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Chin-straps in Disaster City

Fire school was rough. Fun as hell, and rough. Consider getting to Disaster City in College Station, Texas, post nine eleven as my own small, brown, female self in company of other operators, one of whom, was making jokes including bomb….while having a Muslim first name, looking decidedly Asian and sporting a mohawk at least six inches tall. Dude, I was thinking, “If they come get you, I am going to swear on my mother’s grave that I have never seen you before in my life.”

Disaster City is the 92 acre campus that Texas A&M Extension Engineering Service (TEEX) uses to train folk in techniques ranging from search and rescue to putting out airline fires. They can simulate industrial gas fires. There is an entire passenger plane that they can set on fire at will. The WHOOMP! of ignition is one thing. Ignition and then a casual thumb and “okay go close the valve”….sump’n else entirely. “Pardon me Sir?” “Which valve?” “The one that is enclosed in flames, which are roaring like an effin’ train?”

Fire training in Chaguaramas can be done inside the hull of an old ship. When they close the thick steel door, it’s disorienting because eyes open, eyes closed - same dark…your brain goes….”hmmmmm. What dis?” Some folk find out at that point that they’re claustrophobic or are more afraid of the utter dark than they knew, or decide that the place they’re at is not a place they’re staying. One large muscled dude, known for loud cussing, on being put into the ship’s hull, stood just inside the door, and disregarding every instruction to the contrary, stayed there, knocking at said door, requesting ever so politely “please let me out,” refusing to do anything but, until he was removed.

In Disaster City one version of the search and rescue exercise is inside a wooden building. It looks plain on the outside and is not very large. Inside is an obstacle course funhouses set-up where the space opens and narrows, floors slope and are uneven and walkways suddenly become dead ends….You get to go through in full darkness. Fun times. Knowing that technique could be a life and death thing was sobering. Between having grown up with siblings, some of whose idea of a good time involved games that made scaffolding into monkey bars, years of gymnastics, not being very large and having a fondness for absurdity, physical and otherwise…performing the exercise itself was somewhere between not a big deal and fun…Get in, do the sweep sweep step, foot and hand, figure out the spaces, move through.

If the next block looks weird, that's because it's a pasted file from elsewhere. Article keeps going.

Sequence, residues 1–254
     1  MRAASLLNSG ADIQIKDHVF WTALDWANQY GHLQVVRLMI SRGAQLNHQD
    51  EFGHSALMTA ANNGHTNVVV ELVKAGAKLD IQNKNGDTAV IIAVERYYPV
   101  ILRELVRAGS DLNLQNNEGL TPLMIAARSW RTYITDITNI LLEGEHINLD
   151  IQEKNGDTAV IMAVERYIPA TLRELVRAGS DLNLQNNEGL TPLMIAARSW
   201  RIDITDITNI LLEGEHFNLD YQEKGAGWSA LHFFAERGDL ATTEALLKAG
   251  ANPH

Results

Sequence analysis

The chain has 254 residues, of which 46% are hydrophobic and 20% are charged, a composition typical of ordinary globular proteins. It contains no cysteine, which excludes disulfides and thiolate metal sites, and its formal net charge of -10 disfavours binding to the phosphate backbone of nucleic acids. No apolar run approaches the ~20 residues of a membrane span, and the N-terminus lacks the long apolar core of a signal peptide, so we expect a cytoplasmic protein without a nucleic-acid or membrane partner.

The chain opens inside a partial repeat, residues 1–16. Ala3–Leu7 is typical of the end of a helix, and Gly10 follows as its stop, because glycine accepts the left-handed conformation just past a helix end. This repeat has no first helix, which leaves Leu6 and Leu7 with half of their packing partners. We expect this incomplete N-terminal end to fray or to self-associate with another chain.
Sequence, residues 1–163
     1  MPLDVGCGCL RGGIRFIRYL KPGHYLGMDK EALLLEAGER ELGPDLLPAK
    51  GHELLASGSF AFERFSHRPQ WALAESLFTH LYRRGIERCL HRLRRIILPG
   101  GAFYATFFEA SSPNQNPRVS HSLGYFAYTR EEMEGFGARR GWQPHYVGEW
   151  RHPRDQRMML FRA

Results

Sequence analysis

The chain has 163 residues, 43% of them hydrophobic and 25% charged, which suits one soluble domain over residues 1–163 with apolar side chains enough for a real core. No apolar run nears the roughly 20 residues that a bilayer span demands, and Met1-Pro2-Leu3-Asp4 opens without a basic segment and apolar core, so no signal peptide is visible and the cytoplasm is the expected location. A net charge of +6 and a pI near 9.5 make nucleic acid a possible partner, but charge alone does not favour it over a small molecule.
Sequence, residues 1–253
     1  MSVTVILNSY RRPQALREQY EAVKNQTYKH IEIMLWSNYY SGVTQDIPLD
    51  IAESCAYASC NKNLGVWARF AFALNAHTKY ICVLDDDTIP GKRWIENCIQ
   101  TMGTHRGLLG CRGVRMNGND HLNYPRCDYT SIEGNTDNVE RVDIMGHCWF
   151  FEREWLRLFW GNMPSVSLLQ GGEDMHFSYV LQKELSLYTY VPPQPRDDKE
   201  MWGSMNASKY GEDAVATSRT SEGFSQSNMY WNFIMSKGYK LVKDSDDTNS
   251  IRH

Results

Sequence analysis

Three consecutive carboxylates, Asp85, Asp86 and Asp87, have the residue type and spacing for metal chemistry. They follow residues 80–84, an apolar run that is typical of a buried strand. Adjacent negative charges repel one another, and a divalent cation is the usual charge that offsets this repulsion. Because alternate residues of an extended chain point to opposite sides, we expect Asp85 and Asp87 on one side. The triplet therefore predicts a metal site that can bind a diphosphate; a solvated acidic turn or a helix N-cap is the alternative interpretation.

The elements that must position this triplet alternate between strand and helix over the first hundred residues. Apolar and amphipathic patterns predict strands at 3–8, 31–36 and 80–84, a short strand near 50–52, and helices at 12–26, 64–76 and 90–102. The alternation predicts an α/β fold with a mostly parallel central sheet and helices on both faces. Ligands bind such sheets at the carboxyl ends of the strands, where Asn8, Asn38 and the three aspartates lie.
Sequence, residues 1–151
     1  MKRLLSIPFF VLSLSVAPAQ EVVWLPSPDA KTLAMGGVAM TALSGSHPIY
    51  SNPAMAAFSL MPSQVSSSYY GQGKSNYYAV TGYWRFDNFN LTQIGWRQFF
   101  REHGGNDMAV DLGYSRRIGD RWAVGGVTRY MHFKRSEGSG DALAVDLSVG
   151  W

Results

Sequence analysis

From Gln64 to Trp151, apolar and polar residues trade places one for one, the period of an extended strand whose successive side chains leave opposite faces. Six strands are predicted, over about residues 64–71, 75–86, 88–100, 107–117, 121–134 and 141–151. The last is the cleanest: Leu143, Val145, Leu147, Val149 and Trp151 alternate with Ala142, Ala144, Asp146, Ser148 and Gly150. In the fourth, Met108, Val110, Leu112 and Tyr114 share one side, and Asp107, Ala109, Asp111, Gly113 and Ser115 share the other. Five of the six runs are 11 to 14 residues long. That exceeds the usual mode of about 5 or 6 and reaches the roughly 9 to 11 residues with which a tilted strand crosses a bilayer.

Donning Bunker gear - the heat resistant fireman’s clothes, pants, boots jacket, balaclava, air tank, full face respirator, helmet and gloves - is another test. You need to don fully - including switching on your air in three minutes. With practice, the gear was doable. More technique. Arrange your gear bag - pants in boots, jacket folded inside out, balaclava in helmet…Practice donning, practice prepping, again, doable. But the chin strap. Man, I hate the feel of the chin strap. The chin strap is what holds the helmet in place, the chin strap is necessary. It goes over the balaclava and sits behind the rubber seal of the full-face respirator. The helmet’s heavy enough that it actually pulls against the strap against your neck. At that point, I didn’t have locs…but my head’s big. Small face, big head. Big head, big helmet, proportionally long strap needing to be adjusted. Always ending up just at my tonsils.

Search and rescue in full gear - a whole new world. Where you fit before, you might not fit with an air tank on. Your field of vision is constrained by the respirator, which also adds the echo of the sound of your breathing. There’s the sound of air coming from the tank and the click of the regulator valve. And.the.chin.strap. Large old Texan fire dudes were looking at me, hands akimbo, heads to the side. I was fast. In, mind the techniques, find the victim (dummy or object set for retrieval) and out. Here’s the vic. Air off, mask off, helmet (chinstrap attached) off off off.

Motivation is a helluva thing.


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